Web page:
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Calculating the Sun's Angular Velocity

Calculating the Sun's Angular Velocity



What is Angular Velocity?

Angular velocity is how fast something travels in a circle (or on a sphere): it is the angle by which an object spins in a certain time -- its rotation rate.

Imagine a clock (the old-fashioned kind with hands). The minute hand goes around the clock, a circle -- 360 degrees, in 60 minutes. To find its angular velocity, or rotation rate, you need to divide the number of degrees by the number of minutes:

360 degrees / 60 minutes = 6 degrees per minute

So, the minute hand's angular velocity, or rate of rotation, is 6 degrees per minute.





How Can I Determine the Sun's Angular Velocity?

We can use the movement of a sunspot to determine the Sun's rate of rotation, just like we used the minute hand of a clock. To do this accurately, you will have to use a transparent template for your sketches of the Sun's disk. The template has marked on it the degrees of longitude on a sphere.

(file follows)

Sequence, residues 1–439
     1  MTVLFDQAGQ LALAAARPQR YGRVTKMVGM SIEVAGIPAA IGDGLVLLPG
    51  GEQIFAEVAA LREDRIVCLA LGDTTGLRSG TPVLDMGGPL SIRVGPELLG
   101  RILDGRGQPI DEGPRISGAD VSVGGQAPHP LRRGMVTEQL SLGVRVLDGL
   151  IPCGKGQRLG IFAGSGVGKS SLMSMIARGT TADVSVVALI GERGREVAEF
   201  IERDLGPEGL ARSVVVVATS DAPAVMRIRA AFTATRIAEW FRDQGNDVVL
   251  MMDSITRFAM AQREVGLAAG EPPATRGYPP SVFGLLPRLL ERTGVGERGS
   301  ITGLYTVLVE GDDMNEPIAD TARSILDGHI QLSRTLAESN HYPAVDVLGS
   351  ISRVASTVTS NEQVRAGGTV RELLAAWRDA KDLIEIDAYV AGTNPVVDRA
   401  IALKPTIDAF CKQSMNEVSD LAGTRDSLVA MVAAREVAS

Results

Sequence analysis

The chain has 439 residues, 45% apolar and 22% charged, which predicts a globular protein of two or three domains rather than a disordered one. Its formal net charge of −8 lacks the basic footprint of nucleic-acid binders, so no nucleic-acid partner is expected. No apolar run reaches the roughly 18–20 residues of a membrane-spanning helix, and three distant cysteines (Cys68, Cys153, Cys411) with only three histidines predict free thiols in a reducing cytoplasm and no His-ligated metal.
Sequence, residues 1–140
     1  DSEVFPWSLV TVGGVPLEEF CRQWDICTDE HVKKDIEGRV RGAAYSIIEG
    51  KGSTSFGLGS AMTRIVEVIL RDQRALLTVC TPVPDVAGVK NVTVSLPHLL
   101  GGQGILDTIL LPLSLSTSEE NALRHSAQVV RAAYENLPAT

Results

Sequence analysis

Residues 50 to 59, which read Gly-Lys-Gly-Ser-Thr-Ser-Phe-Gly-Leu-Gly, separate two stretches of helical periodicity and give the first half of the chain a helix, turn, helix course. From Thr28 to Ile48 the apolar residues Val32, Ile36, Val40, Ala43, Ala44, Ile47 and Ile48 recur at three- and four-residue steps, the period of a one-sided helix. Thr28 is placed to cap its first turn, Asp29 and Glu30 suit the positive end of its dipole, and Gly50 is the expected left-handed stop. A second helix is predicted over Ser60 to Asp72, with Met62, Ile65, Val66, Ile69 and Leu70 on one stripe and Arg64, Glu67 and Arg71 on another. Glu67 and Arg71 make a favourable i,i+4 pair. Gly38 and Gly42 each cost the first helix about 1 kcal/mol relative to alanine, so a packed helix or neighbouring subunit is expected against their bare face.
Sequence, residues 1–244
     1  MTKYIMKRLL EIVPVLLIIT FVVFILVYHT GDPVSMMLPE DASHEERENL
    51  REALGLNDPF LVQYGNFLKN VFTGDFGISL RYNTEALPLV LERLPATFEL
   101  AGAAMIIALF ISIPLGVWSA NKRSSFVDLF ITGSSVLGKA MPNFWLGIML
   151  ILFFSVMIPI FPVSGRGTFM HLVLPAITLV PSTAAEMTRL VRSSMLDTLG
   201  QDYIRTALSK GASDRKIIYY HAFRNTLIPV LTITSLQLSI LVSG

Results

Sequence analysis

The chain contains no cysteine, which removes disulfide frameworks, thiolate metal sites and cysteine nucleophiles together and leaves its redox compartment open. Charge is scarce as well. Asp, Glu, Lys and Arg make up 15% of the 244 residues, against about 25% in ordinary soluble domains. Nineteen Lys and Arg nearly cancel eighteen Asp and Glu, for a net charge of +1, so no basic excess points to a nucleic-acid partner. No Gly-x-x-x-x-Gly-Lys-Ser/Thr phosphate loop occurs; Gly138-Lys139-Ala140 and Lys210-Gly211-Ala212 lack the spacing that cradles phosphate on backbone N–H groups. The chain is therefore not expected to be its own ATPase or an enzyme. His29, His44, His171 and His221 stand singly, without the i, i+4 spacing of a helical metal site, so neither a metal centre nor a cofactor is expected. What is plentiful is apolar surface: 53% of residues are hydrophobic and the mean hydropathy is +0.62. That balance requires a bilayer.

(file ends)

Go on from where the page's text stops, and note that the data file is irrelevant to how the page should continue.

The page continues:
From your sketches, pick the sunspot group which is the most long-lived (that is, which appears in most of your sketches). Using your template, figure out how many degrees of Sun the spot group traveled across, and how long it took to move that far.

Sun's Angular velocity = degrees the spot has covered / time it took for the spot to travel

Sun's rotation rate = 360 degrees / angular velocity


Going Further

If the Sun has been particularly active and you have sunspots sketched at different latitutes on the Sun's surface, compute the angular velocity for different sunspot groups which appear at varying latitudes. Do you get the same solar rotation rate for each set? If not, why not?


    
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